You described your past activities, which have included language classes, cooking class demonstrations, hosting forums for international speakers, ethnic performance groups, etc. You describe your current activities as preserving and maintaining your building, including the kitchen, clubrooms, and ballroom. You also describe one of your present activities as maintaining good tenant relationships to ensure a viable source of revenue. One of your tenants is an organization exempt under Section 501(c)(3) of the Code.

Your planned future activities include ballroom rental to the general public for activities such as weddings, reunions, dance parties, etc. You will also have authors of local history stories speak to book clubs, ethnic food demonstrations and classes, fundraisers for public needs, ethnic tradition seminars, demonstrations, ethnic music, and art events, and there will be meeting rooms available to the public for local ethnic clubs. You will also have library reference material for travel, genealogical study, and ethnic history and heritage.

You oversee the coordination and scheduling of all events to be held in your facility, which include the bar operation, banquets, parties, etc. You work with the bar owners and other staff to coordinate and ensure the efficient and effective use of your resources for events.

The majority of your gross revenues are generated from renting your facility. Building maintenance accounts for approximately half of the hours spent on your operations. The remaining hours of your activities are spent on various administrative duties.

Law


Section 501(c)(3) of the Code provides for exemption from federal income tax of organizations organized and operated exclusively for educational purposes.

Treasury Regulation Section 1.501(c)(3)-1(a)(1) states that to be tax exempt, an organization must be both organized and operated exclusively for one or more exempt purposes specified in Section 501(c)(3) of the Code. If an organization fails to meet either the organizational test or the operational test, it is not exempt.

Treas. Reg. Section 1.501(c)(3)-1(b)(1)(i) provides that an organization is organized exclusively for one or more exempt purposes only it its articles of organization limit its purposes to one or more exempt purposes and do not expressly empower it to engage, otherwise than as an insubstantial part of its activities, in activities which themselves are not in furtherance of one or more exempt purposes.

Treas. Reg. Section 1.501(c)(3)-1(b)(4) holds that that an organization's assets must be dedicated to an exempt purpose, either by an express provision in its governing instrument or by operation of law.

Treas. Reg. Section 1.501(c)(3)-1(c)(1) asserts an organization will be regarded as operated exclusively for one or more exempt purposes only if it engages primarily in activities which accomplish one or more of such exempt purposes specified in Section 501(c)(3). An organization will not be so regarded if more than an insubstantial part of its activities are not in furtherance of exempt purposes.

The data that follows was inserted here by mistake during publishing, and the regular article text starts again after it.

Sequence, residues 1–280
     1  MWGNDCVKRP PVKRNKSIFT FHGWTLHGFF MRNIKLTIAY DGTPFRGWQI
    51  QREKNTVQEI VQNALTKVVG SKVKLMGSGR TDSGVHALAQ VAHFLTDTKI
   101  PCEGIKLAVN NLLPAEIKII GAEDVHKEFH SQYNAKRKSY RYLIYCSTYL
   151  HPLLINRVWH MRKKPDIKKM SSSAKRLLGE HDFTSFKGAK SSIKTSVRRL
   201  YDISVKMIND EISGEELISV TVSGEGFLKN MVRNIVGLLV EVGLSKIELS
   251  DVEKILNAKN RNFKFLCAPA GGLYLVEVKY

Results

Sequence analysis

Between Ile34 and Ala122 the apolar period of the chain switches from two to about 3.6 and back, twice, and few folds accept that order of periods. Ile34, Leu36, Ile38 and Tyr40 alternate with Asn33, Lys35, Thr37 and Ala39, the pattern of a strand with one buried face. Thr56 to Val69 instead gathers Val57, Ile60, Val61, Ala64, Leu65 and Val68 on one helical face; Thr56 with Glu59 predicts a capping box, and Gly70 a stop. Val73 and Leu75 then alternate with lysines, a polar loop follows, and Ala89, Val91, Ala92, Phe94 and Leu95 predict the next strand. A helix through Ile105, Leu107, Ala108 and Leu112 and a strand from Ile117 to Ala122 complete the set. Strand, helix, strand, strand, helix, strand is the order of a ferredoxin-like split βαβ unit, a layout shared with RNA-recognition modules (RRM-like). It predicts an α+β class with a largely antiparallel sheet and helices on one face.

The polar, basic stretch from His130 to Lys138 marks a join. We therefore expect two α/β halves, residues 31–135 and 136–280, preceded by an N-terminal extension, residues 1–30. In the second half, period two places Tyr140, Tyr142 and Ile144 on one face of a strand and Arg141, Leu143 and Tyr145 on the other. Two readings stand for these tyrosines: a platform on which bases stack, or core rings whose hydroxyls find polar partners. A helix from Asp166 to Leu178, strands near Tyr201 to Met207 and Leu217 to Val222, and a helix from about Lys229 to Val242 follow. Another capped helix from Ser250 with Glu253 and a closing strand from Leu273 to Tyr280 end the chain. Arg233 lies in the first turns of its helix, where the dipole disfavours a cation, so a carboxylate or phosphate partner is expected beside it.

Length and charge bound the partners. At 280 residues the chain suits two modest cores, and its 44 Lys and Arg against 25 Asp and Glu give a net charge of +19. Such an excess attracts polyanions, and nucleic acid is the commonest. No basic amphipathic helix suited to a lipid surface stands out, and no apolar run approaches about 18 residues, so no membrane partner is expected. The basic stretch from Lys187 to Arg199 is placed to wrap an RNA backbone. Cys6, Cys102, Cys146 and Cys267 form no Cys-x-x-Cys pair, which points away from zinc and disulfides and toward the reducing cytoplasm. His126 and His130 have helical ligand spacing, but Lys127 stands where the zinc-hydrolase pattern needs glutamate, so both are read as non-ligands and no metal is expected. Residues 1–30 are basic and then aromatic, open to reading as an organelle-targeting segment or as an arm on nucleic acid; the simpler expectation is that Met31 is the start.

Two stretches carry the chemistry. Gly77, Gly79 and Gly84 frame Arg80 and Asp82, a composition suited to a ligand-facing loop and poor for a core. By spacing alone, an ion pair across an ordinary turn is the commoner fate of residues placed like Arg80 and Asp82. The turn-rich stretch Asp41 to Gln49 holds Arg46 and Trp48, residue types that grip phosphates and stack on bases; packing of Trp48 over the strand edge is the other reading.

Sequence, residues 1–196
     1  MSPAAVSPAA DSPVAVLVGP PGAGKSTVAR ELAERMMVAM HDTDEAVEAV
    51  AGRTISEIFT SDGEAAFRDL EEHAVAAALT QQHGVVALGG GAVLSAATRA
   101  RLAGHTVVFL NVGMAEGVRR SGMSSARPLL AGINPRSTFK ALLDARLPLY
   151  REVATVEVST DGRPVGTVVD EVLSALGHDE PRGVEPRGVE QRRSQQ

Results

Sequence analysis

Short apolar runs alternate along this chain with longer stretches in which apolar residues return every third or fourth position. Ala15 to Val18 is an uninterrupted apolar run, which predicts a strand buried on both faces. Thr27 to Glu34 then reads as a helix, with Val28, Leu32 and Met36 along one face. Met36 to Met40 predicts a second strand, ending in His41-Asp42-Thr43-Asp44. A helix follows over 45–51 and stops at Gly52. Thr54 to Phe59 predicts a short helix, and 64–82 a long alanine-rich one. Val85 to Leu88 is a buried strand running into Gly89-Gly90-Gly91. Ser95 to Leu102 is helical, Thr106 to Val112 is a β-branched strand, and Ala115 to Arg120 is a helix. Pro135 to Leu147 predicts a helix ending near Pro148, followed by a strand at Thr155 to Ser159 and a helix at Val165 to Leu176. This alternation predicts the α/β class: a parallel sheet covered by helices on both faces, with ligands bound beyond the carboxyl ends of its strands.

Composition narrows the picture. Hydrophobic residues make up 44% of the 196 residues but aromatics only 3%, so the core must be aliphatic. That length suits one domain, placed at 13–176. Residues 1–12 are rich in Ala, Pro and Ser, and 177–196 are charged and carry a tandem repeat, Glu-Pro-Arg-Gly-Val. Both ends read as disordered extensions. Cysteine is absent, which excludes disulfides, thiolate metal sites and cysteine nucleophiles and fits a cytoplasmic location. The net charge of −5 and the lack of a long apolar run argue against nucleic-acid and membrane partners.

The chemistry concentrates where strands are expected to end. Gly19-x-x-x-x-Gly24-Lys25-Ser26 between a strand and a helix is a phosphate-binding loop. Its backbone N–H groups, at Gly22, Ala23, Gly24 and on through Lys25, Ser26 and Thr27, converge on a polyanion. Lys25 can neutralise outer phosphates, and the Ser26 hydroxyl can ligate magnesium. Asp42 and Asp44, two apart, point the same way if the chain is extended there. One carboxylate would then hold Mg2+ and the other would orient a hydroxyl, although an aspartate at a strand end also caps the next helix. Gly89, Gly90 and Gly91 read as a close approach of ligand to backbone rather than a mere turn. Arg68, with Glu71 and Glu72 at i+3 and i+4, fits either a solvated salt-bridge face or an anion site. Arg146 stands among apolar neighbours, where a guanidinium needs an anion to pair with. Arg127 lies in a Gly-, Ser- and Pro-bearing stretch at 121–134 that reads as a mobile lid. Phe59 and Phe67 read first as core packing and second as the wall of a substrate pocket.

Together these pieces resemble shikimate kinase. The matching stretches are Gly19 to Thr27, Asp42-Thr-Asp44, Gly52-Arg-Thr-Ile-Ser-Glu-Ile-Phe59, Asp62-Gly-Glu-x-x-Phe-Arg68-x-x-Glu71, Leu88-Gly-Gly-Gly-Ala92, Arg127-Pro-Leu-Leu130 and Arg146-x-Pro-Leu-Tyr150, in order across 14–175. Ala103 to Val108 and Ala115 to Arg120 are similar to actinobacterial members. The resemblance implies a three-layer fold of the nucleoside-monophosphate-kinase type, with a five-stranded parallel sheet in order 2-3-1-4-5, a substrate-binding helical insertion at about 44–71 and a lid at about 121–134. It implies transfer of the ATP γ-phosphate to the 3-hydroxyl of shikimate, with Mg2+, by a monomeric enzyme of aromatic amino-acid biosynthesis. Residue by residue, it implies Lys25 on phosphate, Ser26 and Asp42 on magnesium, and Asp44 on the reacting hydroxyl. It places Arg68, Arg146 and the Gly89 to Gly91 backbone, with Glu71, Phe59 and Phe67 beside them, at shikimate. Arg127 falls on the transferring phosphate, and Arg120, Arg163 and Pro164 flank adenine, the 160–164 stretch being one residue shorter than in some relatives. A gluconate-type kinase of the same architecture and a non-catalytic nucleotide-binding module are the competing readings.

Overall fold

Treas. Reg. Section 1.501(c)(3)-1(d)(1)(ii) provides that an organization is not organized or operated exclusively for exempt purposes under Section 501(c)(3) of the Code unless it serves a public rather than a private interest. Thus, it is necessary for an organization to establish that it is not organized or operated for the benefit of private interests, such as designated individuals, the creator or his family, shareholders of the organization, or persons controlled, directly or indirectly, by such private interests.

Revenue Ruling 76-366, 1976-2 C.B. 144, held that an association of investment clubs formed to enable members and prospective investors to make sound investments by the mutual exchange of investment information, does not qualify for exemption from federal income tax. The association carried on not only educational activities, but other activities directed to the support and promotion of the economic interests of its members. Moreover, by furnishing information to prospective investors to enable them to make sound investments, the association is serving private interests.

In Better Business Bureau of Washington D.C., Inc. v. United States, 326 U.S. 279 (1945), the Supreme Court held that the presence of a single non-exempt purpose, if substantial in nature, will destroy an exemption regardless of the number or importance of truly exempt purposes. The Court found that the trade association had an “underlying commercial motive” that distinguished its educational program from that carried out by a university.

In Goldsboro Art League, Inc. v. Commissioner, 75 T.C. 337 (1980), the court found that an organization operating an art gallery and art market was exempt under Section 501(c)(3) of the Code. Its purpose was primarily to foster community awareness, encourage appreciation of contemporary artists and provide a constant flow of art for students to study art and painting techniques. The organization conducted many charitable and educational activities apart from operating the art gallery and art market including: the operation of an art center which sponsored 20-25 art classes quarterly at a community college, offered art courses to children, sponsored various art demonstrations and film series, gave a series of art lectures and workshops, owned a permanent art collection which it displayed and offered tours of. Artwork displayed at the gallery/market was selected by jury procedures. None of the art was by anyone on the board or officer of the petitioner and only two of over 100 artists whose art was displayed were members of the petitioner. No other art museum, gallery or similar facility was available in the county or any adjacent county. The organization contended that the sale of artwork in its galleries was an incidental activity but one that helped to further its exempt purposes.

Application of law